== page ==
The Jewish Federation of Greater Pittsburgh announced last month the recipients of $22 million in allocations and grants. The money is expected to “support programs in Pittsburgh and in Jewish communities around the world,” according to a June 28 press release from the Federation.
The funds were raised by solicitors during this year’s annual campaign, with portions also coming from several government grants and the Jewish Healthcare Foundation, which provided $900,000 toward human services.
Funding Chair Scott Tobe said the disbursements and earmarks were reflective of the needs of Jewish Pittsburgh and the Federation’s goals. The funds will benefit numerous local organizations, including Repair the World, Classrooms Without Borders and the National Council of Jewish Women’s Center for Women, as well as an expansion of the Diller Teen Fellows program, which sends local teens to Israel to participate in activities that foster Jewish spirit and pride. Some of the grants will also fund a demographic study of Pittsburgh Jewry, the first to be conducted in the area since 2002.
The Federation’s “planning and funding committee is responsible for understanding the community’s priorities and making sure that
our dollars are allocated appropriately,” said Tobe. Funding decisions, which are approved by the full board, come after a year of consulting with committee members with “diverse expertise, backgrounds and affiliations.”
Cynthia Shapira, chair of the Federation’s board of directors, said that the funding “allows big-picture planning to use resources wisely and helps ensure that no segment of the community is left out.”
Federation president and CEO Jeffrey Finkelstein agreed.
“This information is crucial to identifying the community’s strengths and needs, and it’s crucial to planning to reach our potential,” he said of the allocations process.
“This money is vital to the functioning of the Jewish community in Pittsburgh,” echoed Tobe. “From the JCC to Jewish Family & Children’s Service, from helping the aging to supporting programs that instill Jewish values, our money supports many facets of the community and helps to ensure Jewish continuity.”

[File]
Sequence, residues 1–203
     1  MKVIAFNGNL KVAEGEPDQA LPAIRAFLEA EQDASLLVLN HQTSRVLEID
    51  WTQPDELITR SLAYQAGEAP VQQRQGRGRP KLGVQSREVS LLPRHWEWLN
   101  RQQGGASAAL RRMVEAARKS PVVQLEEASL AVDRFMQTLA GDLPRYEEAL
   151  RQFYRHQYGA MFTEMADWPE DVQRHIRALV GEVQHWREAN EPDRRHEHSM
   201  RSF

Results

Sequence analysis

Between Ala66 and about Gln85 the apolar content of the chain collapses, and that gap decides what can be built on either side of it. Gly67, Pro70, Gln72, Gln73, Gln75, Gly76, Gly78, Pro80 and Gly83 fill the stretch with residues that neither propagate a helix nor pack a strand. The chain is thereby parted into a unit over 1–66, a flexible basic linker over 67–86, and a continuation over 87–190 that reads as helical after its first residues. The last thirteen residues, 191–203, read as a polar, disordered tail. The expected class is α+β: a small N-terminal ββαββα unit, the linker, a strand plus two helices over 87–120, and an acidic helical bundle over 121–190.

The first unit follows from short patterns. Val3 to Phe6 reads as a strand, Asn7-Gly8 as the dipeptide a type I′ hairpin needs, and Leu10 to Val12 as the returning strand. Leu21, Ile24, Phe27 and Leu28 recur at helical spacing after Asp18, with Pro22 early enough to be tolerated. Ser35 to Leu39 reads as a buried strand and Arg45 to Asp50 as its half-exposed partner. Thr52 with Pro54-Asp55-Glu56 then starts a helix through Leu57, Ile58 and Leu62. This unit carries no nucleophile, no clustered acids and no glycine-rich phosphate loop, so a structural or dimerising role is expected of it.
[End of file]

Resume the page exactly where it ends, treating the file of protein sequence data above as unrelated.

Nine local organizations designated as beneficiary agencies will receive Federation allocations this year: Hillel Jewish University Center, Community Day School, Hillel Academy of Pittsburgh, Jewish Association on Aging, Jewish Community Center of Greater Pittsburgh, Jewish Family & Children’s Service, Jewish Residential Services, Riverview Towers and Yeshiva Schools. These organizations typically “receive the bulk of the dollars that are distributed through core allocations,” according to Tobe. “This is because we have very competent and experienced agencies that have the ability and know-how to be able to positively affect the area that they each cover.”
Tobe explained that the Federation has a responsibility “to take a global 30,000-foot view of the community, help to set priorities and then to distribute the money to the experts who know the best way to use the money most effectively.”
The American Jewish Joint Distribution Committee and the Jewish Agency for Israel will also receive funds.
“The Federation’s goal is create and sustain a vibrant and thriving Jewish community,” said Tobe. “The money that we allocate is meant to support this vision.”
Masha Shollar can be reached at email@example.com.